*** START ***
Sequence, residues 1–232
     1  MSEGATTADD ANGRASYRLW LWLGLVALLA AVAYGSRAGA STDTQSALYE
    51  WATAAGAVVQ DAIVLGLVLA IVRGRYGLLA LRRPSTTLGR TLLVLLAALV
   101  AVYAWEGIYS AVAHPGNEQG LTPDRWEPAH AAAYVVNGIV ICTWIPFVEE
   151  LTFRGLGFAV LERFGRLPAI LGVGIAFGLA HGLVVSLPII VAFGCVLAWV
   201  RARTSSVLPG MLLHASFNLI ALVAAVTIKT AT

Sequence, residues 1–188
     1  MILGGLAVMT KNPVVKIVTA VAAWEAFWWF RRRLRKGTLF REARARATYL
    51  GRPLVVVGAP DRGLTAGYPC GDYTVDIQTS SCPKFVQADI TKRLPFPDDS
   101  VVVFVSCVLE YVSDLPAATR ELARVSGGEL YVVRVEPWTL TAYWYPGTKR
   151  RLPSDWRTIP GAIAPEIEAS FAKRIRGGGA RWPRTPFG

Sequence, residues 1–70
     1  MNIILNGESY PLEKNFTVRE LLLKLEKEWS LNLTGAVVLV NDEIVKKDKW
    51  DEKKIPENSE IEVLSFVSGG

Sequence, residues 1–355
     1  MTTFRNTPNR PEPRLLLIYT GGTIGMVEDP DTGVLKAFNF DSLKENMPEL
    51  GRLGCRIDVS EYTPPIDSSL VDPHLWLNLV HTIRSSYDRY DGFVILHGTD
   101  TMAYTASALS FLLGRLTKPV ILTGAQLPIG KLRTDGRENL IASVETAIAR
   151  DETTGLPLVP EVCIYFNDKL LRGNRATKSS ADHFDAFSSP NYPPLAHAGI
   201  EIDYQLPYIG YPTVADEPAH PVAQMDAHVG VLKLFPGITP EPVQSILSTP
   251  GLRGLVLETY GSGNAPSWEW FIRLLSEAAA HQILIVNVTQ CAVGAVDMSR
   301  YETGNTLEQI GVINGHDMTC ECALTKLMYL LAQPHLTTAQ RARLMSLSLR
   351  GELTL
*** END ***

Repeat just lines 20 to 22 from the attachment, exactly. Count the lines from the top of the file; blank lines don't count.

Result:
   201  EIDYQLPYIG YPTVADEPAH PVAQMDAHVG VLKLFPGITP EPVQSILSTP
   251  GLRGLVLETY GSGNAPSWEW FIRLLSEAAA HQILIVNVTQ CAVGAVDMSR
   301  YETGNTLEQI GVINGHDMTC ECALTKLMYL LAQPHLTTAQ RARLMSLSLR